In most areas of the world, countries have industrialised. Most have economies based around one or more key industries. The rates of industrializations throughout history have differed, however. In this essay, I will explore how industrialization has differed and why it’s differed so much.
Pre-industrial history kept levels of industrialization at roughly the same level across the world. The majority of people earned enough for sustenance and no more. They produced most of their own goods. In countries like Ancient Greece, slaves were used to start trading in handmade goods. This allowed wealthy Greeks to push themselves slightly above the sustenance level.
Industrialization originated in the northwest and Midlands areas of England in the late 17th and early 18th centuries. It introduced many automated processes and machine power. These technological advancements revolutionised most industries, including textiles, chemical production, and iron manufacturing. It quickly spread across the major economies of Europe and to the United States.
This is where nations like Great Britain, France, Prussia, Spain, and the United States began to industrialize at a faster rate than Asian and African nations. Supported by slaves and vast global empires, these nations were able to increase output and accelerate trade. The income and profits from these ventures enabled more investments and further technological advancements.
The result of this was the Second Industrial Revolution towards the end of the 19th century. It further increased the strength of the Western economies.
Isolationist nations, such as Japan, came under increasing pressure to industrialise. In the case of Japan, Tokugawa’s government was forced to abolish the feudal system and industrialise to compete with the encroaching Western empires throughout the region. In this case, they did this through the growth of vast armies.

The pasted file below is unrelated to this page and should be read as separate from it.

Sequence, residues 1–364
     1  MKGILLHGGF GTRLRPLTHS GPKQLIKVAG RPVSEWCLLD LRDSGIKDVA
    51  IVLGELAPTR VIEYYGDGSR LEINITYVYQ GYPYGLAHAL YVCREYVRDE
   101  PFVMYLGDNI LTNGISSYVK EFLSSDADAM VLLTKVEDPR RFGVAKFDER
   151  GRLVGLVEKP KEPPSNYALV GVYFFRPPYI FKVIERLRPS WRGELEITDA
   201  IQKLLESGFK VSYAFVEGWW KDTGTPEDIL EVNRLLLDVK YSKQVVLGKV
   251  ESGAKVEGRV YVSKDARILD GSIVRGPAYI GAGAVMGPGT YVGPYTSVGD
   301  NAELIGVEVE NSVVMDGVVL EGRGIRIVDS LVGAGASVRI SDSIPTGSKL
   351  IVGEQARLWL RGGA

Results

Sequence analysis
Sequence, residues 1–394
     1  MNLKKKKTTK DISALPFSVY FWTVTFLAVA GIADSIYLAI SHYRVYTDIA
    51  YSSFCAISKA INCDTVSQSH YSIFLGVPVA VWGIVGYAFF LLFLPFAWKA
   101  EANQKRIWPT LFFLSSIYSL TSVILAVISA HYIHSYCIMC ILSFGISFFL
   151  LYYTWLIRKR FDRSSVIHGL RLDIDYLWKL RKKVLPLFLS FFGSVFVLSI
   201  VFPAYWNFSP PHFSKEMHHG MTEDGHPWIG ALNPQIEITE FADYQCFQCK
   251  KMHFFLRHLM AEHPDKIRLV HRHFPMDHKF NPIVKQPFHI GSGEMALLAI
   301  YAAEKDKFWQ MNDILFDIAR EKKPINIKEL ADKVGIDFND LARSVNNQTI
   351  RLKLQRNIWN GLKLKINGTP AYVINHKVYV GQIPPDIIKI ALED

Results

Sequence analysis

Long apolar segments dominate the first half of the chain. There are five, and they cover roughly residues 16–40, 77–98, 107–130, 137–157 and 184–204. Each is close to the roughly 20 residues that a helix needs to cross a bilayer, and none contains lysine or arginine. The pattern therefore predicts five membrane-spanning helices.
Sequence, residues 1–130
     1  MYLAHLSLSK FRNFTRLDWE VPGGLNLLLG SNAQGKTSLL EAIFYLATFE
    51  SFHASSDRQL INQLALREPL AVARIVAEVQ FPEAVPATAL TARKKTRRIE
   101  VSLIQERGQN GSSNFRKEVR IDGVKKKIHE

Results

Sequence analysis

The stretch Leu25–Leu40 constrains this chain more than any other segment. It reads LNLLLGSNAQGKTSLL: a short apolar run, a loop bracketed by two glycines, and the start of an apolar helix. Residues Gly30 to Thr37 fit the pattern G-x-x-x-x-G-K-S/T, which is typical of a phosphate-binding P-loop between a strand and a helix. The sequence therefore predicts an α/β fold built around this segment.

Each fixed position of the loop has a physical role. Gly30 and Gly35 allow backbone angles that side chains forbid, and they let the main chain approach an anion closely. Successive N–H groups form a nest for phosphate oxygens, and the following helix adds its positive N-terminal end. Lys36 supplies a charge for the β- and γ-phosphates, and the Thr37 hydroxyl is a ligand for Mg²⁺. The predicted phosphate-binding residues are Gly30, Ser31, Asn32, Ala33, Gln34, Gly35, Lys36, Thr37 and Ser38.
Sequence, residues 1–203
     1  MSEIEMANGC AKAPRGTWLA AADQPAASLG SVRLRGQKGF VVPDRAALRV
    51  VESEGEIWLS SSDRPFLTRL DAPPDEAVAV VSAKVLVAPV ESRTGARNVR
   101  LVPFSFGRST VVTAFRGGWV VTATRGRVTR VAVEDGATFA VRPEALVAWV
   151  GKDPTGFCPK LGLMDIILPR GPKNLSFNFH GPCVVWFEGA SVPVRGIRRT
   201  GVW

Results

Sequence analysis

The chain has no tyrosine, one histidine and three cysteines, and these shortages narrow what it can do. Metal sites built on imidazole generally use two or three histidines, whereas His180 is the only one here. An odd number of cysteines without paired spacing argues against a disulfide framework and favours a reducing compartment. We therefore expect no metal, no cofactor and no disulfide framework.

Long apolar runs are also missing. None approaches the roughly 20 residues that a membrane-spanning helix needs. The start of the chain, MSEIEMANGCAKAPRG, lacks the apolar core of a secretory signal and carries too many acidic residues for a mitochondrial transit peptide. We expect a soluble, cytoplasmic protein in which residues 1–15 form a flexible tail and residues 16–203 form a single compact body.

The Japanese had no choice but to industrialise not because they wanted profit but because of threats from the imperialistic ambitions of the West. Due to existing technology, it took only a few decades for Japan to reach a Western level of industrialisation.
As a result of colonisation, countries in Africa didn’t industrialize until well into the Cold War and the late 20th century. In many scenarios, areas of sub-Saharan Africa still haven’t industrialized. A lack of investment from the West after they released their economies has physically stopped them from doing so..
Countries in the Middle East required a certain level of technology from the West before they could take advantage of their natural oil resources. This didn’t happen until the Second World War and afterwards. Again, this was fuelled by Western intervention. Despite the enormous wealth of oil-rich nations, their industrialization is based almost entirely on a single natural resource. This has discouraged investment in other sectors, which has always left them lagging behind.
Overall, rates of industrialization globally have largely relied on a need. Only countries with an actual need have managed to industrialize. Whether this need is over greed or for defence, nations have been forced to compete industrially on a global scale. Due to political problems or a lack of technology, some areas of the world have been prevented from achieving industrial advancement, and that continues to this day.